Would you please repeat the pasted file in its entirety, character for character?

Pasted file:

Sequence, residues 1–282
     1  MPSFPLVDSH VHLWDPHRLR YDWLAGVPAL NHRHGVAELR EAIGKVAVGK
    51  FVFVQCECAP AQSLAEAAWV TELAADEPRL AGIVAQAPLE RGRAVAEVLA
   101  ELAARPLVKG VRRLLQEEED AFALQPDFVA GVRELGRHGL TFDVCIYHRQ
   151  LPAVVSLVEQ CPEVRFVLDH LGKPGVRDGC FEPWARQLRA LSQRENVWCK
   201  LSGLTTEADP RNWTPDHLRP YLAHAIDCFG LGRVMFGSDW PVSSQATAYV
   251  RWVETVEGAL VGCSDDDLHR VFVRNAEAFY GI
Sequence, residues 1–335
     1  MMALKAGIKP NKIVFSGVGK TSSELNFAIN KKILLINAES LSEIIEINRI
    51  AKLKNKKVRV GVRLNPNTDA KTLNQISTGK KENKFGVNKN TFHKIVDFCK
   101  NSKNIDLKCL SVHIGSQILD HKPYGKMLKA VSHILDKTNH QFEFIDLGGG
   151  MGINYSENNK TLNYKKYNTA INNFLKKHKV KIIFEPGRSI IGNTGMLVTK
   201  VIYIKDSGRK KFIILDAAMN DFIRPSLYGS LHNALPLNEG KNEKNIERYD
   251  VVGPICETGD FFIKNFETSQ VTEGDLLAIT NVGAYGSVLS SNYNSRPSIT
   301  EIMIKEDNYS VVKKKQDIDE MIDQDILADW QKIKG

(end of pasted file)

Sequence, residues 1–282
     1  MPSFPLVDSH VHLWDPHRLR YDWLAGVPAL NHRHGVAELR EAIGKVAVGK
    51  FVFVQCECAP AQSLAEAAWV TELAADEPRL AGIVAQAPLE RGRAVAEVLA
   101  ELAARPLVKG VRRLLQEEED AFALQPDFVA GVRELGRHGL TFDVCIYHRQ
   151  LPAVVSLVEQ CPEVRFVLDH LGKPGVRDGC FEPWARQLRA LSQRENVWCK
   201  LSGLTTEADP RNWTPDHLRP YLAHAIDCFG LGRVMFGSDW PVSSQATAYV
   251  RWVETVEGAL VGCSDDDLHR VFVRNAEAFY GI
Sequence, residues 1–335
     1  MMALKAGIKP NKIVFSGVGK TSSELNFAIN KKILLINAES LSEIIEINRI
    51  AKLKNKKVRV GVRLNPNTDA KTLNQISTGK KENKFGVNKN TFHKIVDFCK
   101  NSKNIDLKCL SVHIGSQILD HKPYGKMLKA VSHILDKTNH QFEFIDLGGG
   151  MGINYSENNK TLNYKKYNTA INNFLKKHKV KIIFEPGRSI IGNTGMLVTK
   201  VIYIKDSGRK KFIILDAAMN DFIRPSLYGS LHNALPLNEG KNEKNIERYD
   251  VVGPICETGD FFIKNFETSQ VTEGDLLAIT NVGAYGSVLS SNYNSRPSIT
   301  EIMIKEDNYS VVKKKQDIDE MIDQDILADW QKIKG